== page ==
Art for Early Literacy is the name of my public library program designed for preschool children, ages 0 – 5. The program teaches early literacy fundamentals using art as its primary focus. The Art for Early Literacy program is designed to impart early literacy skills, introduce children to art concepts and give children of multiple age an interest levels a chance to explore at their own pace. This weekly program is quite popular and regularly draws a crowd of 30 – 60 children and caregivers.
Key components of my program:
- A short story time encouraging children and caregivers to come together as a group.
- Stations that allow me to scale up or down depending on the number of participants and are appropriate for children between the ages of 0 and 5.
- Non-objective art activities that allow children to explore materials and techniques and learn through trial and error.
- An environment that encourages children to collaborate, share and explore at their own interest and ability level.
- Art stations that provide a feeling of continuity while allowing children a variety of explorations as materials are rotated.
The program is designed as a short story-time, approximately fifteen minutes long, followed by an open exploration of our multiple art stations to round out the rest of the hour. My mini-storytime is designed to be appropriate for multiple age groups. We discuss our letter of the week, read two books, sing a few songs, work on a flannel activity or finger play and practice spelling a few words. Storytime is where I introduce new art concepts. It is also where I review the rules for art class and explain the structure of the program to new participants. At the end of story time, I make sure that every family has a ticket which will tell them their starting art station. Then I demonstrate our featured art project and let the children loose to make art.
Currently I provide six to eight different activities which are roughly divided into five stations. At arrival, families are given tickets that indicate their initial station. It is the parents’ job to interest their children in the initial activity. When the child is ready to move on, the parent then looks for an open spot at another station and moves the child in the appropriate direction. I have found that the tickets prevent the attendees from bunching up around the featured art station. The five station categories are: featured project, scribbles, play-dough, needlework and manipulatives.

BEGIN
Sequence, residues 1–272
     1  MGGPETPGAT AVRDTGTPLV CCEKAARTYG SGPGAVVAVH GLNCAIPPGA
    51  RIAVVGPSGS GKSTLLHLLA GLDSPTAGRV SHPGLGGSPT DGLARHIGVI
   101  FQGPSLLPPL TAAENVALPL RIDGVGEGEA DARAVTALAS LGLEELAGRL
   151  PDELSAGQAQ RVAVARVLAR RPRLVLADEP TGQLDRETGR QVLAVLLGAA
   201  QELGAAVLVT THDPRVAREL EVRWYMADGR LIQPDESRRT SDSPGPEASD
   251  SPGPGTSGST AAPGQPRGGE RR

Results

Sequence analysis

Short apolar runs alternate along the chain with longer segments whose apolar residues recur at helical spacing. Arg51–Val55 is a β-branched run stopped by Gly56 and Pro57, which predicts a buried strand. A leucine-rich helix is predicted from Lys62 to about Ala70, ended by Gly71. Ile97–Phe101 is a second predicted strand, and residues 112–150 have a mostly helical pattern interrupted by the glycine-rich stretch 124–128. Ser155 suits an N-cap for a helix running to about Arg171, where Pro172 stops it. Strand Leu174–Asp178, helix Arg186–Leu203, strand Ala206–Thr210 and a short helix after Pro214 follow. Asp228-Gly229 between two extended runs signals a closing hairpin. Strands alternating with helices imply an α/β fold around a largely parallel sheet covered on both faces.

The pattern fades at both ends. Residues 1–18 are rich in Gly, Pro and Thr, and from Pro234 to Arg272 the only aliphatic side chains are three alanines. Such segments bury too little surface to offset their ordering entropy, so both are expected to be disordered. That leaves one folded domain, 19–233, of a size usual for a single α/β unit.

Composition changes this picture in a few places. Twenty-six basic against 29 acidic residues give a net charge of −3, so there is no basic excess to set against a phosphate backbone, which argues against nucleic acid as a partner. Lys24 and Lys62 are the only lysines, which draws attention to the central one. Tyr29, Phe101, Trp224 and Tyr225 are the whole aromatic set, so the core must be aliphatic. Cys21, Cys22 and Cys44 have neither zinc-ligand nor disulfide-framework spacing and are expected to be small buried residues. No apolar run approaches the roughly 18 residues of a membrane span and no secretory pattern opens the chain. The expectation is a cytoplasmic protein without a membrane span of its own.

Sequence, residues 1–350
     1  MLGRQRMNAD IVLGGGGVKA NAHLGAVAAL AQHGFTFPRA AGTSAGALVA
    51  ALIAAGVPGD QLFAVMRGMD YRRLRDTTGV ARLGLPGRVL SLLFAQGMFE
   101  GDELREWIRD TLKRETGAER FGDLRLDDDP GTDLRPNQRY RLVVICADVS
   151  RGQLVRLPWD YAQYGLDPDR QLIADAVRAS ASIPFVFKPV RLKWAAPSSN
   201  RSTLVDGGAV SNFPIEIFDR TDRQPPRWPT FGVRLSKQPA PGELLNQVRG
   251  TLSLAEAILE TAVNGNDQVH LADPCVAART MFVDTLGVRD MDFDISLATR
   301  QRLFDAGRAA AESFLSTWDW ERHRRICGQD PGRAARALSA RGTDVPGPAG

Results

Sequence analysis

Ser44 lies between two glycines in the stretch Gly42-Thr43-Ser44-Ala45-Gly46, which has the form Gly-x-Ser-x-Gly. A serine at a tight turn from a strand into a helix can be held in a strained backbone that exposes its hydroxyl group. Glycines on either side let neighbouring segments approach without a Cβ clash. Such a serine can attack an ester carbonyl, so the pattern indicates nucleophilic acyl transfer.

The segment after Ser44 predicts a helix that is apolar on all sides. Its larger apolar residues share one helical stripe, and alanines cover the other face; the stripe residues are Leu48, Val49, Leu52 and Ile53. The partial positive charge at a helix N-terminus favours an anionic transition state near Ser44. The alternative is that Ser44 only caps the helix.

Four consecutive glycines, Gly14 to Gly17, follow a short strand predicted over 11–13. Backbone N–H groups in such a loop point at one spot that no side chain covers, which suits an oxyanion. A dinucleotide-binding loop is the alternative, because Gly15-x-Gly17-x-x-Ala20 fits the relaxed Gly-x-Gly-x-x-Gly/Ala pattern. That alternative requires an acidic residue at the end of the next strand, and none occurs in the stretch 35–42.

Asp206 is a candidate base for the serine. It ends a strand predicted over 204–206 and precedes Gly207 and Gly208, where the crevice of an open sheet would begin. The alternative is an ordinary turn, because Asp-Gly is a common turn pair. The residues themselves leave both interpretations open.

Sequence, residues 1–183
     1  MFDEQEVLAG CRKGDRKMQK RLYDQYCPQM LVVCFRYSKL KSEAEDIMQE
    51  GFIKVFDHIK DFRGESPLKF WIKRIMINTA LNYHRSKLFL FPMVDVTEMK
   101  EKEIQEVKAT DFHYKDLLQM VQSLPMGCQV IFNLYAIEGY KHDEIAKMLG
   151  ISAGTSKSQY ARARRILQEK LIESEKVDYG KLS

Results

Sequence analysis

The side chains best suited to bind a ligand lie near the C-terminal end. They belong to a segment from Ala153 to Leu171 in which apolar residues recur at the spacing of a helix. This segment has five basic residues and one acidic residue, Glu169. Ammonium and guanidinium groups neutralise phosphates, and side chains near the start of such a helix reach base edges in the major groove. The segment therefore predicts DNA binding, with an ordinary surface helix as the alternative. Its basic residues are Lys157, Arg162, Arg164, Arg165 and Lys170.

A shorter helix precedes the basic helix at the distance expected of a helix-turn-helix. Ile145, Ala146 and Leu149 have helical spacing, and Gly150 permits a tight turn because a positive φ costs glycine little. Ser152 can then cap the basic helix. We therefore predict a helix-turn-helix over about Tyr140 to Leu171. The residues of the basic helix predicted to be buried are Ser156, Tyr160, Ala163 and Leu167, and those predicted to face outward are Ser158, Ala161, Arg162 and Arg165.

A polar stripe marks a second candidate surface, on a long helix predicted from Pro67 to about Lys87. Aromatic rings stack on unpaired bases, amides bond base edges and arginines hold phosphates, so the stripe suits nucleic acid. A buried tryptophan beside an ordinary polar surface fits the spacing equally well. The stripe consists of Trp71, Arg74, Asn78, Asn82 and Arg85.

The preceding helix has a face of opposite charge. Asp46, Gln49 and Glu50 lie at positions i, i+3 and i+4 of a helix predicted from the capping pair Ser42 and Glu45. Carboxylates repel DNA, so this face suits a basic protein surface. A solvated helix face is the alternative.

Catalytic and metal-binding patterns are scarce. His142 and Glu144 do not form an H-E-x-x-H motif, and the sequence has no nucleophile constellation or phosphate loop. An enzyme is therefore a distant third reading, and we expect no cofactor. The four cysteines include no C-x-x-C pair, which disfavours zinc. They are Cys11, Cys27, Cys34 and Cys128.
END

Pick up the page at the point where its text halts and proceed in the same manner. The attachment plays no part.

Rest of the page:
The featured art project rotates every week. This is also the only project that they get to take home. The rest of the stations feature materials that are changed biweekly or monthly. This allows children the chance to gain mastery and revisit skills. However after a few weeks, we change the way children are interacting with the material so they can expand their horizons and look at the materials in a new light. For more information on my stations, I invite you to read my blog posts: storytimes, featured art project, scribble station, playdough, sewing, manipulatives.
Five minutes before the scheduled end of the program, I sing a “clean-up” song and everyone helps put the materials away and clean up the mess. I have been told that clean-up-time is a favorite among many of the children and they certainly are enthusiastic helpers.